The menu is simple: Cold Sausage, Hot Sausage, Lean Beef (Shoulder), Fat Beef (Brisket), Pork Chops, Prime Rib, Pork Ribs. You can order by slice, rib or pound and your meat is wrapped in thick butcher paper with Butter Krust sliced white bread thrown on top.

Smitty's Condiment Bar

Clutching our paper-wrapped meat, we made our way into the blissfully air-conditioned dining room, where large communal tables were packed with diners devouring their sandwiches. As you enter this second room, there is a counter of condiments where you can buy homemade pickles and peppers, cheeses and avocados, and a selection of side dishes from a tangy, sharp slaw to meaty, but bland, baked beans. This is where the local regulars turn their orders into handcrafted, customized sandwiches.

Smitty's Meat

We ordered two ribs, ½ a pound of fat beef, and two hot sausages and started with the ribs. They were some of the best I’ve ever had: smoky, slightly sweet and caramelized on the outside but meaty with no cloying BBQ sauce to intrude on the flavor of well-seasoned pork.

The sausage, wrapped in a slice of Butter Krust was rich, juicy and spicy with a satisfyingly taught skin. Topped with the homemade, not-so-hot hot sauce (found on the table) I fell in love with the unadulterated flavors of slow cooked, smoky meat.

The brisket was good but not near the top of my list…it was tougher than I expected with less flavor that the other meats we ordered. The fat beef was good but it needed a compliment—when I looked round at the other tables I understood the beauty of the condiment bar. Clearly we were the out-of-towners—the tattooed bikers sitting next to us were attacking their stacked sandwiches of meat, cheese, avocado, pickles and hot sauce.

Were I to return, I’d probably spend more time at the condiment counter trying the myriad sandwich variations, but with just one meal to enjoy I wanted to eat my smoke-infused meat without any distraction…except of course for my two-dollar Lone Star beer.

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Smitty’s Market

208 South Commerce
Lockhart, Texas 78644

Telephone: 512-398-9344

Mon-Fri 7am – 6pm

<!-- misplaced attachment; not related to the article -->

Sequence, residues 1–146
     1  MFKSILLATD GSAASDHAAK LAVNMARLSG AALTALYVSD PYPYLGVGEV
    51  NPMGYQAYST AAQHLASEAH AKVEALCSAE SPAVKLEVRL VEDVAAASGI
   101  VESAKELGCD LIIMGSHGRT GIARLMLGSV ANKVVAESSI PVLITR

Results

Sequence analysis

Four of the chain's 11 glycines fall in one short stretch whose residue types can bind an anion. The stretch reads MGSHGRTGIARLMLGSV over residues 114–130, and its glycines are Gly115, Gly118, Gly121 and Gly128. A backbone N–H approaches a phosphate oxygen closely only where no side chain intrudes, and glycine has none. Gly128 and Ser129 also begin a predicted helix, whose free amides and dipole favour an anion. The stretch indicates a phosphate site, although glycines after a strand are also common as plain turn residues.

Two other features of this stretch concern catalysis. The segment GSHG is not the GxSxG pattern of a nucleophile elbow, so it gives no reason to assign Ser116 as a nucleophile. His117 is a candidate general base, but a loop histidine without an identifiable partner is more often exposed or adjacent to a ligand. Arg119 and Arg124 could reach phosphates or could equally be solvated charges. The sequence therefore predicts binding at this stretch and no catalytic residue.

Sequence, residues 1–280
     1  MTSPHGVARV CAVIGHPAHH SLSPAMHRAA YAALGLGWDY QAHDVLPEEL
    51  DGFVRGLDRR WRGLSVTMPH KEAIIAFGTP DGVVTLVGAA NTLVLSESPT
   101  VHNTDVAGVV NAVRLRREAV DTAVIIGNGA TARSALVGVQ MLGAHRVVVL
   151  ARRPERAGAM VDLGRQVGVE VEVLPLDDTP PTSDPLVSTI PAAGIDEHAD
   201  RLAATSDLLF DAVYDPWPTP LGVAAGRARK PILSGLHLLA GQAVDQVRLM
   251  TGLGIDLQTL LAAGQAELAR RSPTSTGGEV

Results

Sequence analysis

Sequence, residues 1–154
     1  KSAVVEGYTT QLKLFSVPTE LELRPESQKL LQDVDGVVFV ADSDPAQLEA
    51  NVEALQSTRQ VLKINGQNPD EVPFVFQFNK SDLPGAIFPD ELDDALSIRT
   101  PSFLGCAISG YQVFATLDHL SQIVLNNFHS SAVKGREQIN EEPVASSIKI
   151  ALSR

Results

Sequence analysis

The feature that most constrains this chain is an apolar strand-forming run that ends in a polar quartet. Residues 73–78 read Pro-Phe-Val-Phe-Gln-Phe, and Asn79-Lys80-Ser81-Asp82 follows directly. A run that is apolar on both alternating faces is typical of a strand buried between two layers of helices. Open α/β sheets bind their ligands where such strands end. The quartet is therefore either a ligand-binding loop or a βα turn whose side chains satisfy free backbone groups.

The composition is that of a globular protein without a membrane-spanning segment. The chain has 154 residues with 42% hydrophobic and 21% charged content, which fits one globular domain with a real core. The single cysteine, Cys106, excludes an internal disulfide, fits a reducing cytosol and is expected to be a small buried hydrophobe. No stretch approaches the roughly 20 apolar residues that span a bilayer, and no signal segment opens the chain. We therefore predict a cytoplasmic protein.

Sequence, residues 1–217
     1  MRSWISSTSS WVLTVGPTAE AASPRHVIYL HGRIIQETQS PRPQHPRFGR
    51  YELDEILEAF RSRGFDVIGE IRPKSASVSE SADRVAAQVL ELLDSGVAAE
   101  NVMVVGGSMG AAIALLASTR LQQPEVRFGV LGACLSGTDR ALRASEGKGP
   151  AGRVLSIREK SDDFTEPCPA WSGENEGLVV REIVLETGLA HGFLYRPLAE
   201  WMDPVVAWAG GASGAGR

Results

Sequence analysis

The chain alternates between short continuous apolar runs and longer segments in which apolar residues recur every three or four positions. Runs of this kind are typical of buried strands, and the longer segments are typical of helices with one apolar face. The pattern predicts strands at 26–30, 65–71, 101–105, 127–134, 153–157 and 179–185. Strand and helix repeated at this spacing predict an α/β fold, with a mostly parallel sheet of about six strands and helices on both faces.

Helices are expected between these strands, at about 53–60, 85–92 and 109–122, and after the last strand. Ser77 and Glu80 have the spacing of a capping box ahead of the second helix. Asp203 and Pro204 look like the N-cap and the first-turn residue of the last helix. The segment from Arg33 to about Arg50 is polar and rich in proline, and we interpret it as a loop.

Sat 7am – 6:30pm
Sun 9am – 3pm

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Food Shark, Marfa Tx

Bon Appetit ranked The Food Shark of Marfa, Texas sixth in its Hot 10 US street food vendors.

But when I happened upon the Food Shark, after a few weeks of fast food and veggie-lacking desert meals of Arizona and western Texas, I ranked the Food Shark’s ambrosial hummus wrap ($6.99) number one.

Minimalist artist Donald Judd relocated from New York to Marfa in the 1970s, laying the foundation for this desert outpost to become an artistic Mecca by buying up abandoned buildings and offering artists space to work and exhibit. The New York Times cemented Marfa’s cultural role with its 2005 Art Land article, which touted the tourism that bypasses now-decrepit towns all over western Texas.

Abandoned Building Outside Marfa

Located on I-90, 75 miles south of Van Horn—a town that’s been reduced to an I-10 rest stop where 28 percent of the population lives below poverty—Marfa, with its beautifully restored Arts and Crafts buildings and deco details, is an oasis for billboard-weary travelers.

David and I had time for only a walk along Marfa’s main square, marveling at the brilliantly stocked bookstore—the perfect place to pick up a Cormac McCarthy novel before heading North to his Las Cruces base—and the local newspaper office before spotting Food Shark nestled beneath a corrugated metal structure in a square by the railway tracks.

The metal roof shades large, sculptural, communal tables—the Shark’s “dining room”—where a collection of locals, artsy hipsters and tourists mingle. We sat next to a chatty art historian who was in Marfa for the summer to archive Judd’s papers, tantalizing us with the thoughts of perusing this library ourselves.

As I had just cooked dumplings 30 miles before, we weren’t hungry. But seeing the inexpensive menu of Mediterranean-inspired local food, I ordered the hummus wrap, which was packed with crunchy greens, juicy garnet-colored tomatoes and thickly textured hummus. Accompanied by cold, unsweetened tea, our desert-driven thirst was finally quenched.

Food Shark's Hummus Wrap